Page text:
30/06/2020 - 10:59

City of Perth inquiry finds widespread dysfunction

30/06/2020 - 10:59

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More than 135 matters of suspected criminal conduct concerning The City of Perth have been referred to the commonwealth and state authorities, following the completion of a high profile, two-year inquiry into the city’s council and administration.

City of Perth inquiry finds widespread dysfunction
Tony Power repeatedly described The City of Perth as having been dysfunctional and inefficient under the now-suspended council. Photo: Gabriel Oliveira

More than 135 matters of suspected criminal conduct concerning The City of Perth have been referred to the commonwealth and state authorities, following the completion of a high profile, two-year inquiry into the city’s council and administration.

Presenting the findings of the report this morning, Commissioner Tony Power made numerous damning accusations against the city, describing its council as poorly led and dysfunctional.

That included former mayor Lisa Scaffidi, who Mr Power described as a divisive figure who encouraged factionalism within the council.

Those words follow previous allegations made against Ms Scaffidi, who successfully challenged an 18-month disqualification in 2017, after the State Administrative Tribunal found she had breached the Local Government Act 45 times by not disclosing third party-funded travel and accommodation. 

“Some members of the council and administration engaged in improper and unethical conduct,” Mr Power said.

“The trappings and privileges of high office, in the form of dining, clothing and grooming allowances were exploited by some members of the council.

“They often did so for their own personal benefit, at the ratepayer’s expense and with little regard for the interests of the community as a whole.

“The community deserved better.”

Outlining the report’s findings, Mr Power described the city’s council in damning terms, saying they had failed to act responsibly in their capacity as elected officials.

“Under their watch, the administration at many levels made, and were allowed to make, too many poor decisions across a broad range of matters,” he said.

“This included poor decisions in the procurement of goods and services, project management, human resources and grants and sponsorships.

Mr Power repeatedly described these failures as avoidable, saying some council members had approached many requirements in a ‘tick the box’ fashion and had exploited their dining, clothing and grooming allowances.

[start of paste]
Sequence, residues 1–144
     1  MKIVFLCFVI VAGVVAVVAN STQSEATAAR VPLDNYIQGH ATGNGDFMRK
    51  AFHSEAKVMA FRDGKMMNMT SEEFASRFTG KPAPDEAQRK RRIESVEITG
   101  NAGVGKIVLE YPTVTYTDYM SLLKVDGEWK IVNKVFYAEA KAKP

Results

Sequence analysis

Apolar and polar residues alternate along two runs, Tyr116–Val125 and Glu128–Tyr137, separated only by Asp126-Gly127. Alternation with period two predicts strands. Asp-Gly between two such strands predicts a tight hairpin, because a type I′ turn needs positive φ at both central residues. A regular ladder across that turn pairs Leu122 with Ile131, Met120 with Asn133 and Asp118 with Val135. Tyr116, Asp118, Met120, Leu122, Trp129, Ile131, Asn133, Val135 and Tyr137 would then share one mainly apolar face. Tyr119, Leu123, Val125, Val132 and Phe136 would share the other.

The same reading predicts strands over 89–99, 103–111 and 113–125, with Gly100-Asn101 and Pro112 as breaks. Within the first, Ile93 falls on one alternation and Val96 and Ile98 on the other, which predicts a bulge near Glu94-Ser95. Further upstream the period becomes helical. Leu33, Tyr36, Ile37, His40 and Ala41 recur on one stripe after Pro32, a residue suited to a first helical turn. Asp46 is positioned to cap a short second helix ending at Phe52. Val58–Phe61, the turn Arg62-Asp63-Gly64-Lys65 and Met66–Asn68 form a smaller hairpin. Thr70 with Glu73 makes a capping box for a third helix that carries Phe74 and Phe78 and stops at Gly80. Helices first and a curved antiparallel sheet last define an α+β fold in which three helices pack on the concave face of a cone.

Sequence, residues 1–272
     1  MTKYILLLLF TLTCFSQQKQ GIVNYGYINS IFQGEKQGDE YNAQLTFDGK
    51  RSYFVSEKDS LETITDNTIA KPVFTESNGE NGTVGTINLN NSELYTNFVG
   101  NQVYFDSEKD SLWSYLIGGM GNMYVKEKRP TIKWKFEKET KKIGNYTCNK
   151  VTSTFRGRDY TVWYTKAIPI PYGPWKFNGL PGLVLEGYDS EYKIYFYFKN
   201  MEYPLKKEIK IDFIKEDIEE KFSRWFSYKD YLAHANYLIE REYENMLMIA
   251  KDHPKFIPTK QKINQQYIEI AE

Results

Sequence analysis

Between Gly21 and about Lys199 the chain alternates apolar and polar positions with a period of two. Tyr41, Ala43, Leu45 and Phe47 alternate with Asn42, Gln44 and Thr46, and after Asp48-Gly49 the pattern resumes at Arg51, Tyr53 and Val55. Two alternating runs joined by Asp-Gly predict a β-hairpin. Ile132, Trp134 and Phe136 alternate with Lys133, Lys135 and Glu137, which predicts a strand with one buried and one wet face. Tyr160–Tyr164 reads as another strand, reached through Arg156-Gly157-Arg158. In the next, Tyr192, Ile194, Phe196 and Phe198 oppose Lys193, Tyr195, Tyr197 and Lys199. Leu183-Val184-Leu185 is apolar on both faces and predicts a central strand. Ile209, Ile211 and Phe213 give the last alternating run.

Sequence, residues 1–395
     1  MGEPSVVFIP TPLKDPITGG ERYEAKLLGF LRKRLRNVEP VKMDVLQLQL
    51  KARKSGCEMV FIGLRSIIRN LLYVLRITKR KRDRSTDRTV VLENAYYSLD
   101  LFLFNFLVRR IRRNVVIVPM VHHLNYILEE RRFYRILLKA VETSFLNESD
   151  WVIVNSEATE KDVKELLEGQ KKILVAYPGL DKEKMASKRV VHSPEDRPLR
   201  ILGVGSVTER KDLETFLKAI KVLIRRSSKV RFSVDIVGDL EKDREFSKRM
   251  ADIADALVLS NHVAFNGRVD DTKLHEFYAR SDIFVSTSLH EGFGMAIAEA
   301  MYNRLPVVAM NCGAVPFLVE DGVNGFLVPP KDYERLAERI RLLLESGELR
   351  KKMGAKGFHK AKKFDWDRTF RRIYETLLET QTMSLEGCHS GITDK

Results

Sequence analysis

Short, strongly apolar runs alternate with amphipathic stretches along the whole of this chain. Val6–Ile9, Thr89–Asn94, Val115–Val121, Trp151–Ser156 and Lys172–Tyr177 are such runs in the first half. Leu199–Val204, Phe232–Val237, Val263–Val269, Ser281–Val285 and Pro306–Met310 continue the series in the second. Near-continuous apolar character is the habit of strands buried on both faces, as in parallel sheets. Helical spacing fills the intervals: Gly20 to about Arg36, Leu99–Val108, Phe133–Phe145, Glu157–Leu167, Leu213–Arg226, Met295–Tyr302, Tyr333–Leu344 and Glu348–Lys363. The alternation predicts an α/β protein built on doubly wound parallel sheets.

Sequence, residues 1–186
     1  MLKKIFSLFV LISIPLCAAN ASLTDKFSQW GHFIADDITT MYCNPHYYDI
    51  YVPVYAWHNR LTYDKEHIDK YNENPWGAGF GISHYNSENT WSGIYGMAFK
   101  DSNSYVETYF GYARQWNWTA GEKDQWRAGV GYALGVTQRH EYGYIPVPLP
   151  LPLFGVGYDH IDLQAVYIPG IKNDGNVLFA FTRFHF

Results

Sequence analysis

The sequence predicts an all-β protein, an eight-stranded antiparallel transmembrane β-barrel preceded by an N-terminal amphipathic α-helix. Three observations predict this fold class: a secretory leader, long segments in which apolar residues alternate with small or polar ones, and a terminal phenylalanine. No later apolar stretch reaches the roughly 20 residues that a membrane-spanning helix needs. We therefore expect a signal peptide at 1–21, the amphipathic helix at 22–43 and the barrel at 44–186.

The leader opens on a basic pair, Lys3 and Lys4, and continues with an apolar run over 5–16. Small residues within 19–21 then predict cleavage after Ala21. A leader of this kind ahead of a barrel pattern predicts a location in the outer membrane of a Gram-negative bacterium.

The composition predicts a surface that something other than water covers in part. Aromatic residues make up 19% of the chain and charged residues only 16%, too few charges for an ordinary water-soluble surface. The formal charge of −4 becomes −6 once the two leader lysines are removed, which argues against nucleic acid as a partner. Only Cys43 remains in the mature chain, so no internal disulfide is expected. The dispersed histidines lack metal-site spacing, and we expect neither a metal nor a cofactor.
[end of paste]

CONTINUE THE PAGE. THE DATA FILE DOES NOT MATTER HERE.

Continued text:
Further to that, he said councillors had failed to provide effective leadership by interfering in the city’s administration, leading to failures to act on instances of misconduct and failures to properly manage the city’s finances.

“Many of these poor decisions were the result of poor governance practices and the city, which was set against a background of widespread culture and systemic failings,” he said.

“As a result, the city was in many ways a dysfunctional and inefficient organisation.”

Mr Power’s closing remarks ended what he described as the largest, most complex and most significant inquiry of its kind in Western Australia’s history, following the council’s suspension in April 2018.

According to Mr Power, the inquiry had analysed 49 different aspects of the city’s operations during a 26-month-long investigation, with 30 of those matters then given closer inspection.

Around 4 million documents and 104 witnesses were examined in that time, with an unnamed number of witnesses being described as obstructive and obstinate.

While Mr Power noted that restoring good governance to The City of Perth will be long and slow, he said the city’s appointed commissioners had taken positive steps to address failings identified in the reporting.

He also offered thanks to the inquiry team, noting that he made no apology for the inquiry being longer than would otherwise have been expected.

“It was necessary,” he said.

STANDING BY BUSINESS. TRUSTED BY BUSINESS.

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